Marcel Duchamp “The Fountain”
To begin to understand Marcel Duchamp’s specific piece of art “The Fountain” I delved deep into the history behind the Dada movement, from which Duchamp thrived. This began with an in depth look at Western Europe during World War I, The Dada’s reaction to the World War, and more specifically Marcel Duchamp’s reaction to the World War. As stated in the book, “no single event influenced the development of modern as profoundly as World War I.”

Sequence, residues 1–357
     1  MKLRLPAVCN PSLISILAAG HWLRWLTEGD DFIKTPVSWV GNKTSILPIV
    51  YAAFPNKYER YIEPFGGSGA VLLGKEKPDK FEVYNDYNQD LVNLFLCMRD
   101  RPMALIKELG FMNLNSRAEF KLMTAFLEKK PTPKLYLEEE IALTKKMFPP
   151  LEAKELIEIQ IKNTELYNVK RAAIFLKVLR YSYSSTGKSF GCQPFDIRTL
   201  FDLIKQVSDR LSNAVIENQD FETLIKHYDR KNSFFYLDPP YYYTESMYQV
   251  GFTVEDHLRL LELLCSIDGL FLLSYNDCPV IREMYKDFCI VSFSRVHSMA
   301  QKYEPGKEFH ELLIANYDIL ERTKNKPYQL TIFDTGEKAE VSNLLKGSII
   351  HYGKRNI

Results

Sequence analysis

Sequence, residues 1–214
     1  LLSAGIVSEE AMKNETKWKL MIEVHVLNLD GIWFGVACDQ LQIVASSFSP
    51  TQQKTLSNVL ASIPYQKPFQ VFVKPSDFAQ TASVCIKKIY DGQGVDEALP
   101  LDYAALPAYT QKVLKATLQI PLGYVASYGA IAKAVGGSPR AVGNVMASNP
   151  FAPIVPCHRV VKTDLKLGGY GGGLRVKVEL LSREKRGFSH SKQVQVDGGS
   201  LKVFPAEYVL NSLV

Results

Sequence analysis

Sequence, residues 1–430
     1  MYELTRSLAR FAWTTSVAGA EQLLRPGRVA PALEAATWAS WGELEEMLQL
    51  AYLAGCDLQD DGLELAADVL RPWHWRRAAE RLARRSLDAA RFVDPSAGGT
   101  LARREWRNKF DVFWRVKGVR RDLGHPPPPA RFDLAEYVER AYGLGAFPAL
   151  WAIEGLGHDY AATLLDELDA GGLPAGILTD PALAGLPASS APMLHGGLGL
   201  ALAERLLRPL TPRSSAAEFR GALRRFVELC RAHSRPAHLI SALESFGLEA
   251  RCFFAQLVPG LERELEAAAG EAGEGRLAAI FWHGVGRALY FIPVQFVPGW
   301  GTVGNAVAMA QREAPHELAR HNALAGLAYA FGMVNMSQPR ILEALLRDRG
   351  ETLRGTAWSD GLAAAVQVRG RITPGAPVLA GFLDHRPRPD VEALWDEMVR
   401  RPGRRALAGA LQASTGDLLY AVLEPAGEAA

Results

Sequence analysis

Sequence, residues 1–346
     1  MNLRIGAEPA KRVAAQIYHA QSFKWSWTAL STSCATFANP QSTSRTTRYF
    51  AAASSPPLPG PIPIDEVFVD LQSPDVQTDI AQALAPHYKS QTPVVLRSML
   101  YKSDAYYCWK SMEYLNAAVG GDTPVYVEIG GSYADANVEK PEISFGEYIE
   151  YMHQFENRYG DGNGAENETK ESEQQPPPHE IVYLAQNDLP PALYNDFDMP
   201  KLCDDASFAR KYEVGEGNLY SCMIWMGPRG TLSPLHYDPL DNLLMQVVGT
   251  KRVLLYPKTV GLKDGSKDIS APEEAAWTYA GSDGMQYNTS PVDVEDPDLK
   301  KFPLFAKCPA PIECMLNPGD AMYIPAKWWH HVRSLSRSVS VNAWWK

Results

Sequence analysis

Western Europe during the World War I was sufficiently negatively effected, and Europe was not the only country being affected. Because of international alliances and colonization, everyone seemed to have extreme involvement causing for copious amounts of loss and hardship. Since the industrial revolution was booming there were obscene amounts of massive artillery as large as tanks. As well as strategies as intense as poison gas. The extreme situations soldiers were enduring did not go un written. Many soldiers were coming home “shell shocked,” missing limbs, or psychologically injured. Grenades and land mines were causing wounds unheard of before. Doctors were starting to advance in the plastic surgery aspect to better facilitate these horrid wounds. An interesting aspect of this work was “facial prosthetics” which before these injuries was looked at as unnecessary. But as wounded soldiers began to flood in, unrecognizable, something had to be done. The most advanced in this field was Anna Coleman Ladd an american sculptor. Who helped to advance in mold-making, modeling, and anatomy to create masks “lifelike.” World War I caused a much more bloody battle than anyone ever had expected. And like with any war people reacted, and people reacted in different ways. By either turning their cheek, making art, or serving their “duty.” Those who did express themselves artistically, starting drawing in alternative styles. As for other people they began to migrate to more neutral countries, like Switzerland or The United States. The United States was involved but not geographically like Europe was.